Blockchain is viewed by many as one of the biggest tech disruptions in this century. It’s popularity initially driven by greed has evolved pass that and could end up building something much more important than wealth. It has the potential to revolutionize the way governments, institutions, and corporate work. In the recent years the implementation of blockchain has been increasing across wide range of industries.
Blockchain has the potential to solve the worlds’ most pressing environmental challenges by harnessing the technological innovation to transform the energy market and improve process efficiencies. However the largest blockchain network — Bitcoin is often criticized for wasting energy and polluting environment. Bitcoin, Ethereum and multiple other minable altcoins are responsible for significant power consumption. The environmental criticism of cryptocurrencies often neglects to put the issue in the context of wider technological applications of blockchain. After all, Bitcoin is just one of many uses of this technology.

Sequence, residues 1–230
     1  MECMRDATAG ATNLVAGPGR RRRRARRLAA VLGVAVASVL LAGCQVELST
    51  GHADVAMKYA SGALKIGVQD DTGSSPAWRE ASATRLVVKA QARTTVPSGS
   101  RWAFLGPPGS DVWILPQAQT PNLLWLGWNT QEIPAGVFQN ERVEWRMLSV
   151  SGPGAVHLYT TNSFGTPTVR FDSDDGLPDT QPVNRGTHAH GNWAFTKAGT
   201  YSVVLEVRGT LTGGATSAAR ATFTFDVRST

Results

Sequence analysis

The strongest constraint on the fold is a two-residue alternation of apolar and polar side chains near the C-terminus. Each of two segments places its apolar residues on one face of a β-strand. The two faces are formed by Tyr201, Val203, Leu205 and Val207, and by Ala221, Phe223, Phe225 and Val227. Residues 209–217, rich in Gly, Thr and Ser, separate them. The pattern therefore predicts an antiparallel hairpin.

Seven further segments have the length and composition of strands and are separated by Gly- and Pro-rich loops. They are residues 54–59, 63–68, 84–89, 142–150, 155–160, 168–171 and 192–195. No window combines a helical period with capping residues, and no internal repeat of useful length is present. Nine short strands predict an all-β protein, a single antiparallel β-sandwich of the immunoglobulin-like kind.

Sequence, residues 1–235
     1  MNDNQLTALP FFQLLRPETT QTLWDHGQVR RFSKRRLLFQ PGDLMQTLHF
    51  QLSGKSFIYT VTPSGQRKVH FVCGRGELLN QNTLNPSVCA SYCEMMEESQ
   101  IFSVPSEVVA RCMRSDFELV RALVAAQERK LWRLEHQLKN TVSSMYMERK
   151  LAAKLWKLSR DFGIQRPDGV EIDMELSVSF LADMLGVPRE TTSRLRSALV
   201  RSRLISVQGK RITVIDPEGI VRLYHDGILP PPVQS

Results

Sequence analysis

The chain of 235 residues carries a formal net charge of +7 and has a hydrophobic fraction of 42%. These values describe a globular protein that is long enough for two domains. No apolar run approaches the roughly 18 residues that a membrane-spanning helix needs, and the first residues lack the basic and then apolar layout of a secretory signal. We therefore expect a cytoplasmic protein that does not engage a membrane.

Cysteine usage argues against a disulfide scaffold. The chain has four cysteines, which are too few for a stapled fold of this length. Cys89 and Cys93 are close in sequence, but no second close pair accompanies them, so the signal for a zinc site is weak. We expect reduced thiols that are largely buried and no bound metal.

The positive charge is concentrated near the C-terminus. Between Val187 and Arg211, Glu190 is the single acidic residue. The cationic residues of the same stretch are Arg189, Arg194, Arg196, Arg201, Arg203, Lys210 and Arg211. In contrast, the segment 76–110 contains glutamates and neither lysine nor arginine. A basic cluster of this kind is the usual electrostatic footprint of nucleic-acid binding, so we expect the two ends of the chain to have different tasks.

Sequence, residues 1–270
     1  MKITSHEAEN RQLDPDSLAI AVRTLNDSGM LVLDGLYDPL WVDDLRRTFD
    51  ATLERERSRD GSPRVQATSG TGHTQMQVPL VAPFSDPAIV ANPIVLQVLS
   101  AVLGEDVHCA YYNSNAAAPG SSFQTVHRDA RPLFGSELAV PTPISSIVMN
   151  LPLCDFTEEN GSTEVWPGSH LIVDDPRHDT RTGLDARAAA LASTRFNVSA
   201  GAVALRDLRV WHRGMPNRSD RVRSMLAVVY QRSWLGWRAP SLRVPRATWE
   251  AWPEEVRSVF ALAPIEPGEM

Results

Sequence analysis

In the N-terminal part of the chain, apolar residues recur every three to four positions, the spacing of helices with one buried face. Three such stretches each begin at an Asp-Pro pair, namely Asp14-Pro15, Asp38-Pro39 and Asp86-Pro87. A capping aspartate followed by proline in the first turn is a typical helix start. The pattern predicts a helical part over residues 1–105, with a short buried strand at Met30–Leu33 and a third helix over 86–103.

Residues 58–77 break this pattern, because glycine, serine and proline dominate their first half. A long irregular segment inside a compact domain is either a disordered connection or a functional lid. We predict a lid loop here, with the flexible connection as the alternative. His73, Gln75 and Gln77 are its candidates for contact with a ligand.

What is Blockchain
Blockchain is a digital distributed ledger that is the foundation of Bitcoin and most cryptocurrencies. Information on blockchain is secured by cryptography and can be accessed using private keys and personal cryptographic signatures. Because it is decentralized it does not depend on a central authority for safekeeping, in fact Bitcoin network is public and allows anyone to join.
The transactions are being verified by computers in the blockchain network (known as nodes). Nodes use a consensus protocol to agree on ledger content. Some nodes are mining nodes, these group outstanding transactions into blocks and add them to the blockchain. They do this by solving a complex mathematical puzzle that is part of the Bitcoin program, and by including the answer in the block. The miners are being rewarded for their work with miner reward — Bitcoin.